White papers are authoritative, detailed educational documents that address industry innovations, trends, challenges and how to solve them, or even best practices.

TWO: Select Your Subject Matter Experts and Writers

Expertise matters. An understanding of the government market matters. And writing matters.

Sometimes, it takes a team of people to develop a great white paper. A technical expert can describe the problem and possible solutions. A market expert can ensure that the content is relevant to the government market. A writer and editor are key to ensure that meaningful content is presented in an organized, engaging way – without the spelling and grammatical errors that can taint a professional presence.

Working together, your content creation team can produce a truly educational document. If you don’t have the resources in-house, consider working with an expert writer or editor. Be prepared that it can take weeks to create a strong white paper. But when you’re done, you’ll have an asset that your marketing and business development teams can use for months to even a year! It has a long shelf life.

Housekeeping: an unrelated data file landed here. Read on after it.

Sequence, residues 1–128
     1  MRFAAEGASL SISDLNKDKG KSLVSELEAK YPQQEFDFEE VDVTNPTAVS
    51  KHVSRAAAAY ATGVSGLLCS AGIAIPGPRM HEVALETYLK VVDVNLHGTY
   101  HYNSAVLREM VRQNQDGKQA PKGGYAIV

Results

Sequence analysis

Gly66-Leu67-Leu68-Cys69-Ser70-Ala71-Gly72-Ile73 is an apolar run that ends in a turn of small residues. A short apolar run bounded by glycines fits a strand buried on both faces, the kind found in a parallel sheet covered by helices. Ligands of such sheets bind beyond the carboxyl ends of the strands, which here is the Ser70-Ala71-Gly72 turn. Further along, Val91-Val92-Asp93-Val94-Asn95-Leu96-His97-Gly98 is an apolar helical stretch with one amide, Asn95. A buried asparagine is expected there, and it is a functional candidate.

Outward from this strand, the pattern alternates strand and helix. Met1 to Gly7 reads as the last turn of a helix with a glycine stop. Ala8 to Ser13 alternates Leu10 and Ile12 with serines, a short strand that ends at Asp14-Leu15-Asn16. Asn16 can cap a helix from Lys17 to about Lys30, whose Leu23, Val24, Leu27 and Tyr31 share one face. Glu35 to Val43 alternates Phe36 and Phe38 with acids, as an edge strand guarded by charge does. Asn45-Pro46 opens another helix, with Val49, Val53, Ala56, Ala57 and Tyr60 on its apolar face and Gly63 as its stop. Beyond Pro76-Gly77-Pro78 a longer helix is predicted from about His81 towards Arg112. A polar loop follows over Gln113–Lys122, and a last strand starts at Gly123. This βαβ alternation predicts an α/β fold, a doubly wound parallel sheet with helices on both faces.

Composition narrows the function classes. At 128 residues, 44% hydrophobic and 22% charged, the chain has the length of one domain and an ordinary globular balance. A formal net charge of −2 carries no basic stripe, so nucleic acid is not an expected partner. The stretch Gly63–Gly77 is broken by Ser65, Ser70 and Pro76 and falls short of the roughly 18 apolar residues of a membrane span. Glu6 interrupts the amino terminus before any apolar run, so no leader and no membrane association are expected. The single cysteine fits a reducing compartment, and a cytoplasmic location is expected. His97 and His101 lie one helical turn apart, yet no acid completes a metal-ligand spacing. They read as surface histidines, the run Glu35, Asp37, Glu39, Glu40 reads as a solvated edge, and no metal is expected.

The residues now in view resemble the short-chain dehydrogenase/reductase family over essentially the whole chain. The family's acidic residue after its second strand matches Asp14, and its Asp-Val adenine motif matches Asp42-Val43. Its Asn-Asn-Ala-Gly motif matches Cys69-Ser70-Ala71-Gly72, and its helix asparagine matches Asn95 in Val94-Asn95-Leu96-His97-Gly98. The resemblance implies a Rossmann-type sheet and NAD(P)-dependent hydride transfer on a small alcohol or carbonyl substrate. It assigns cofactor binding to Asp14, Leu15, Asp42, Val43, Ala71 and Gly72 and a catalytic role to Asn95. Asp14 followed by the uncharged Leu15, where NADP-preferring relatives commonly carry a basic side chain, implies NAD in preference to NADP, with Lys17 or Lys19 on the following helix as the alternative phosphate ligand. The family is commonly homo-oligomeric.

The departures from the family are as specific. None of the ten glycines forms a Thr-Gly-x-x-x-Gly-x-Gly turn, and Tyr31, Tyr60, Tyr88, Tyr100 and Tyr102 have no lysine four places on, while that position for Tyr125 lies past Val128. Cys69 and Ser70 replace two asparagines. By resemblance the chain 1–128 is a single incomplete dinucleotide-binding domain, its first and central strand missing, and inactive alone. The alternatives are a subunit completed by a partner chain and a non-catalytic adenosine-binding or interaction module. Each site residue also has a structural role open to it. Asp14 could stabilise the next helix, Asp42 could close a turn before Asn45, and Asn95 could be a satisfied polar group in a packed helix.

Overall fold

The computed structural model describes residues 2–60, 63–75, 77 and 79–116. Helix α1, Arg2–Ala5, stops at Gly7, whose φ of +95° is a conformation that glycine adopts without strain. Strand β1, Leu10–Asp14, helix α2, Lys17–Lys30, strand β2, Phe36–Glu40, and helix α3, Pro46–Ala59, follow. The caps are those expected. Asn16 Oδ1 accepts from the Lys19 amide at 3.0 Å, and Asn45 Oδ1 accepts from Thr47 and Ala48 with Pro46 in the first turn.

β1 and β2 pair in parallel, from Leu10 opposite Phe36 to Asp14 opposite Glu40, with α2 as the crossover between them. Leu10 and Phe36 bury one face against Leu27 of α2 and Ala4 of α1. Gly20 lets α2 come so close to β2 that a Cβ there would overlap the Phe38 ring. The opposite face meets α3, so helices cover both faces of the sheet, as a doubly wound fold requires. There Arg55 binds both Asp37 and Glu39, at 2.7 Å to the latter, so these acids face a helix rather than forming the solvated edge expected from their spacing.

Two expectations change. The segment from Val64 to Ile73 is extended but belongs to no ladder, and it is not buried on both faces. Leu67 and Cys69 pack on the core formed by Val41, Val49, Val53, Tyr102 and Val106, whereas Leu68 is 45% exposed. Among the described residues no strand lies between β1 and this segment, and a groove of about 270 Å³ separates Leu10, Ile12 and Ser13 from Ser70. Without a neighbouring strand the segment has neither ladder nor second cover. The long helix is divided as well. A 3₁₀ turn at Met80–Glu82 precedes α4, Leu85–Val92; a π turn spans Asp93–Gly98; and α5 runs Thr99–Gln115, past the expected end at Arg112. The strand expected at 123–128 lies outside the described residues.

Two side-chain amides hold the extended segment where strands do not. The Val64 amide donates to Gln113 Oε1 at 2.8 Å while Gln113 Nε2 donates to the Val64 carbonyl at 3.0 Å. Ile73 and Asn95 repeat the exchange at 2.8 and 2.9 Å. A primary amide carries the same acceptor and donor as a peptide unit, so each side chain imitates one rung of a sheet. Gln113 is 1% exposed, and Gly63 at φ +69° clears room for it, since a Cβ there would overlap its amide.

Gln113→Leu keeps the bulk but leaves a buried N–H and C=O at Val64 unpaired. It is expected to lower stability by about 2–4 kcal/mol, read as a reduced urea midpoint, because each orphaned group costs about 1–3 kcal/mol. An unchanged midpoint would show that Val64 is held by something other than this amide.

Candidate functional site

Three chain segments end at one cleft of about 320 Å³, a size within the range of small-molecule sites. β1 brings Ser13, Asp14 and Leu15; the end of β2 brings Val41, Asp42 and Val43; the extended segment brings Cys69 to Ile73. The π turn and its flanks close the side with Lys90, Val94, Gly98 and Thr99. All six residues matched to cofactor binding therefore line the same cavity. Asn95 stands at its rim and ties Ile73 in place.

We recently developed a white paper for a client on the Department of Defense’s Joint All-Domain Command and Control for a defense publication’s resource hub. The editor who reviewed it shared this excellent feedback, “For what it’s worth – fascinating white paper! One of the better explanations of JADC2 I’ve read.”

That’s a sign of a great white paper!

THREE: Structure Your White Paper for Success